Grandma arrived in Boston September 14, 1923 (National Archives and Records Administration (, Passenger Ships and Images database). From Boston, she took a train to San Fransisco where she stayed with friends until she could make a living on her own.  That’s where Grandma met my grandfather, Wilhelm (“Willie” or “Bill”) Rothsprack.  They were married,  settled into a home of their own, and had three girls. My mother was the youngest.

Grandma's sisters in Austria

Grandma’s sisters in Austria. Tante Leni is standing in the back. I can’tbe certain, but I believe the woman seated to the right is Tante Rosa.

Back in Austria, things were getting worse for the Jews.  Giselle and Hermine had married  influential Germans who kept them safe from harm; but news reports, letters and phone calls told Grandma that Rosa and Helene (Leni), her two other sisters, were still in danger. Grandma began saving money to bring them to the United States.

Hitler invaded Austria in March of 1938, and with very little violence, annexed it, declaring Austria part of Germany.  Jews and Gypies were not allowed to vote in the annexation, making the vote nearly unanimous.  At that time, what was tough became even tougher. When Kristallnacht came in November, Rosa and Helene remained safe due to the fact that they were the only Jews in a very small town.  But things did get worse when my Tante Leni’s boyfriend turned the family in to the Nazis.  My mother tells me that Tante Leni’s boyfriend was himself a Nazi. Continue reading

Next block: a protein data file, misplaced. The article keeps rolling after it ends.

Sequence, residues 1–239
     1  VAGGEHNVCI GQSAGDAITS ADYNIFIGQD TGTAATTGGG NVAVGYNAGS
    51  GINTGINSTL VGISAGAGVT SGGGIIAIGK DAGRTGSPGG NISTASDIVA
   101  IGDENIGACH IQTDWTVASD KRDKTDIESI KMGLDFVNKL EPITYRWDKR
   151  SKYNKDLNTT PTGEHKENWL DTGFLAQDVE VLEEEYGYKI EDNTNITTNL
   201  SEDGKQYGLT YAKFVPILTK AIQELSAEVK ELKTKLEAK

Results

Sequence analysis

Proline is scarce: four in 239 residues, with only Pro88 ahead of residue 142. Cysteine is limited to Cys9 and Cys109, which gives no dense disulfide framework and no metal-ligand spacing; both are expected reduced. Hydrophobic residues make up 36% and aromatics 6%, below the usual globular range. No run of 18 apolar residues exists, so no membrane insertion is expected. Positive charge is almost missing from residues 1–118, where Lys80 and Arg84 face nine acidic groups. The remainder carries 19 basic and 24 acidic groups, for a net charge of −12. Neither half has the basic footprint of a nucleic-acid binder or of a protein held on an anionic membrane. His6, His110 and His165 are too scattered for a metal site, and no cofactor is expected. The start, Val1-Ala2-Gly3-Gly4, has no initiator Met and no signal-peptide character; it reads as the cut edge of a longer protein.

Wednesday’s Child: the mystery of Benjamin Skeen

In the process of understanding the Skeen family’s story, I’ve had to do a bit of digging into the Skeen family’s genealogy.  William Skeen and his wife were Mormon pioneers sharing in the responsibility of settling the town of Plain City Utah, so there is plenty to be found on and FamilySearch. Unfortunately, though, there is not much to be found about little “Benny” (Benjamin Davis) Skeen who died at just three years-old.

I originally found little Benny in a graveyard. I have absolutely no blood relation to Benny and his family, so I had no clue that he had been forgotten by current generations. But as I began researching the family to tell their story, I discovered that little Benny had been forgotten in his family group. There are several family trees on that don’t have Benny listed as a family member; but FamilySearch does not have him added at all to his family group sheet. It’s not that Benny needs a piece of paper to prove that he existed, or that his family deeply mourned his death, but I feel a deep urge to have him remembered–especially by his family.  This is why I need to tell his story.

I had to do some adjusting on this photo in order to see the names and dates clearly.

I had to do some adjusting on this photo in order to see the names and dates clearly.

Continue reading